Now that I've had some time to gather my thoughts...
First off. What a day! FINALLY Crown Point (OTCPK:CWVLF or CWV on the TSX Venture) is not the ugly step-sister of the Vaca Muerta. While America's Petrogas (OTCPK:APEOF or BOE on the TSX Venture) and Madalena Energy (OTCQX:MDLNF or MVN on the TSX Venture) have enjoyed $200-250 million market caps, at least partially based on their VM shale exposure, CVW has historically been given zero value for its VM exposure. I believe that the news and market action today (http://www.crownpointenergy.com/press12022014.php) underscores that the old view has to change. Not only does CWV's VM shale appear to be oil mature, but it's also interbedded with 36 meters of highly fractured volcanic intervals. That's like putting high permeability fluid highways in the very source rock that industry players in the region are so excited to tap. Unlike other Vaca Muerta areas where drilling operations may require horizontal wells with multi-stage fracture completions, CWV's Cerro de los Leones Hoyada-1 has the potential to flow oil with only a vertical well and a standard vertical completion. Because of the natural fracturing, it's very unlikely that fracking it would make any sense.
In any tight reservoir/resource play, interbedding is the key. You want higher permeability silt and or sand interbedded with the shale source rock. The silty and/or sandy layers act as higher permeability "conduits" for the gas/oil to flow through and they provide storage capacity via their inherently higher porosity. In CWV's case, those interbeds are brittle volcanic rocks that have been fractured over time as a result of their thermal and structural history. As with the sands and silts discussed above, those fractured volcanic interbeds should act as high permeability conduits and storage space for reservoir fluid, which, based on the oil shows, appears to have a good chance of being oil.
So, does CWV deserve to get some VM shale value now? I think so. Not only does it bring the EV/acre discussion into play for Crown Point, but it also begs the question, "With so many high profile Vaca Muerta deals (Exxon, Shell, Total, Winterhsall, Dow Chemical to name a few), doesn't this put CWV's 90,000+ acre, 100%-owned Vaca Muerta package in play for a JV?". The answer is maybe. The good news is that the play would likely be cheaper to drill and develop than areas where horizontal drilling and completions are required, but we still need to see a definitive flow test. Given the above discussion regarding the nature of the reservoir, the signs are encouraging -- I would say at least as encouraging as players like Madalena (MVN CN), America's Petrogas (BOE CN), and Andes Energia (AEN LN).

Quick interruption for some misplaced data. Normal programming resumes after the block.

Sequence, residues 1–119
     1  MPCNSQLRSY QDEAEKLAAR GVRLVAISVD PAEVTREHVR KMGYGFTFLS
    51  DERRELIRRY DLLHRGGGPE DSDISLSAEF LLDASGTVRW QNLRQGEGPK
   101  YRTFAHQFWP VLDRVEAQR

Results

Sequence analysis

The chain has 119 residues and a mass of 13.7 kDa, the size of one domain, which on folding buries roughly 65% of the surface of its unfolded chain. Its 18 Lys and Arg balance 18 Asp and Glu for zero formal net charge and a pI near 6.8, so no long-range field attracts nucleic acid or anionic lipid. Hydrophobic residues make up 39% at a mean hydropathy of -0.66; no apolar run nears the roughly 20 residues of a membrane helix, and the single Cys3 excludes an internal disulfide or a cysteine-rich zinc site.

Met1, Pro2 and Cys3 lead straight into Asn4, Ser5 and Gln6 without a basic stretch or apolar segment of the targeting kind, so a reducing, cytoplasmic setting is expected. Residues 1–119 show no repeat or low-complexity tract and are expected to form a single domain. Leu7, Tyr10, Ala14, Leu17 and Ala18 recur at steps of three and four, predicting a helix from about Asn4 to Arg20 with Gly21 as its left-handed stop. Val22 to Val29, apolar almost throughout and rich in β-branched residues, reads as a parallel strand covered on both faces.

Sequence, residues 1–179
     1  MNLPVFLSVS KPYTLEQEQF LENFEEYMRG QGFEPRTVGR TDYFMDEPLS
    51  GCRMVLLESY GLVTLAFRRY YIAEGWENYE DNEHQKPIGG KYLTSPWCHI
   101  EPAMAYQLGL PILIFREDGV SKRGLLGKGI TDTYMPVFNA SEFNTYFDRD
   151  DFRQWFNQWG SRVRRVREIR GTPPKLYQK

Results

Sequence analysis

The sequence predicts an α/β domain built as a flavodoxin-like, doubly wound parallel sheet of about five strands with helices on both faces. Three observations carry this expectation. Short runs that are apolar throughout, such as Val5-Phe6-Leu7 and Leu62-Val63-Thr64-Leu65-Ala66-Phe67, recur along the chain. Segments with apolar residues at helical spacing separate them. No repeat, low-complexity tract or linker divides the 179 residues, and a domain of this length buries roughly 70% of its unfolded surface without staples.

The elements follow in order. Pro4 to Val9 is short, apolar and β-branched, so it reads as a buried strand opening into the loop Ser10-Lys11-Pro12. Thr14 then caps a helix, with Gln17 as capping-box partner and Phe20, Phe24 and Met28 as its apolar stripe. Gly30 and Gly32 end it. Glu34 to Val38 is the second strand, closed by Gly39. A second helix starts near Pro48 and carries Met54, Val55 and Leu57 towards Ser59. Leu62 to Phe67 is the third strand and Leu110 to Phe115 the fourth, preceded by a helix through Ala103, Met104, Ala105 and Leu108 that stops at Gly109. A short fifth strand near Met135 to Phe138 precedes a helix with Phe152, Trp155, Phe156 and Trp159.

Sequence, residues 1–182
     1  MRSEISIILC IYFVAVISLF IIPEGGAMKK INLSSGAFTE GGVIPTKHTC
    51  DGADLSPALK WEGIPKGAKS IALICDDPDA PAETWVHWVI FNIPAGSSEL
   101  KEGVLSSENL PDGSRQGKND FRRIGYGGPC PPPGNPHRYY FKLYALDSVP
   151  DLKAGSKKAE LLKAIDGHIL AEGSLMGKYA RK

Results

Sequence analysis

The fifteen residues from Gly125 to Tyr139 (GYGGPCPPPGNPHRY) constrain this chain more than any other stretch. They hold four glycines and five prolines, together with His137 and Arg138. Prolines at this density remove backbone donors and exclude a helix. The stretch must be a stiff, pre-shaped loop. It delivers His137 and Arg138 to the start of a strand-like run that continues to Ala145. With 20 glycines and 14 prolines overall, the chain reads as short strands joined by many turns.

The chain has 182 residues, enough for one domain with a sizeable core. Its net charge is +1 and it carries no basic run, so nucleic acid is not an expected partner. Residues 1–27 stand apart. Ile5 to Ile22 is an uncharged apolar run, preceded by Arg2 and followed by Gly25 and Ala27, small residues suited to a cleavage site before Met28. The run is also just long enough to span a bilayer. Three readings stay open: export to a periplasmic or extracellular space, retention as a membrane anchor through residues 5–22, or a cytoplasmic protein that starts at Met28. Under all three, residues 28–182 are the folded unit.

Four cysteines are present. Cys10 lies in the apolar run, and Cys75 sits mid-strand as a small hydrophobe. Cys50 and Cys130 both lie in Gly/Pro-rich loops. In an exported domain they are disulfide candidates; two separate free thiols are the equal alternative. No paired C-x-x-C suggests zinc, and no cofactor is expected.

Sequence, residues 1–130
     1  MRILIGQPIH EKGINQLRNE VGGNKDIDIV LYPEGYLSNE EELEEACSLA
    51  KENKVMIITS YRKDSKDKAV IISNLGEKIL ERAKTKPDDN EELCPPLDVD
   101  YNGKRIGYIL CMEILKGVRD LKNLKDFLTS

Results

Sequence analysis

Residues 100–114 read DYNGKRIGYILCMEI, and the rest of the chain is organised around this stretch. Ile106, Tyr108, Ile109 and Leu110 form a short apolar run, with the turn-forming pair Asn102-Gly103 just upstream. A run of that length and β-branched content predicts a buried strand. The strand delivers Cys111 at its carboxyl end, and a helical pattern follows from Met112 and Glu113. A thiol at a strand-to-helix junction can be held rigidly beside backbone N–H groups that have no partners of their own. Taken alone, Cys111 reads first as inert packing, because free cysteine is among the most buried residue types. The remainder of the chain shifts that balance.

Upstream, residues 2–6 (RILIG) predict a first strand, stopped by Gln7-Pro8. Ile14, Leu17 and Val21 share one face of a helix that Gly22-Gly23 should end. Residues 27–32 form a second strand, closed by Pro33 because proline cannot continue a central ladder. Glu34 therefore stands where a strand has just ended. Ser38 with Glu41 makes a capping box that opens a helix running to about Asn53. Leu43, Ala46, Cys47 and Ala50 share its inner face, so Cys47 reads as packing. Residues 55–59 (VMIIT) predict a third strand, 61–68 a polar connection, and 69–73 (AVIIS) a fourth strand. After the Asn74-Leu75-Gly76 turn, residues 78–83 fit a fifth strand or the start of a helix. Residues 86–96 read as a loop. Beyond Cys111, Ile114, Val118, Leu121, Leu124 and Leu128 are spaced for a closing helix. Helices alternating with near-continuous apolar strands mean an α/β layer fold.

I have seen references to potential valuations as high as $12,000 per acre (article linked here), though I would be far more conservative. The next cheapest direct comparable is Madalena. Madalena's (MVN CN) Vaca Muerta acreage is arguably valued at around $1200/acre (using $100 million for the Canadian Ostracod assets and assigning the remaining $120 million of market cap for MVN's ~100,000 net VM acres + production). If you were to apply $1200/acre to Crown Point's 90,000 net acres which are modeled as being in the oil window (I've assumed each company's producing assets are equal and just rolled them up into the EV/acre calculation), you would get around $110 million, which is about $1.05/share. It will be interesting to see if 100%-owned land with proven offsetting oil production will attract a suitor or JV partner... especially when you see stories like this around (http://www.bloomberg.com/news/2013-04-29/billionaire-plots-to-beat-chevron-to-largest-latin-shale-energy.html).
Test results will take 6-8 weeks as the company analyzes the data gathered from the well and formulates a completion and testing program. In the meantime the market will sharpen its collective pencil and price CWV accordingly based on the comparatives and the data from the well. A fully funded 10-well development and exploration program is expected to begin in Tierra del Fuego in March or April where historical success rates are around 90%, IRRs are >100%, and all fields are open to expansion via drilling based on full 3D seismic coverage of the area. One of the exploration wells, PQX-3, is targeting a previously undrilled 50 square kilometer fault block with production on 3 sides and high seismic amplitude, often suggestive of gas charge.
In any case, it should be an interesting 2014 for Crown Point and its investors.
Disclosure: I am long CWVLF.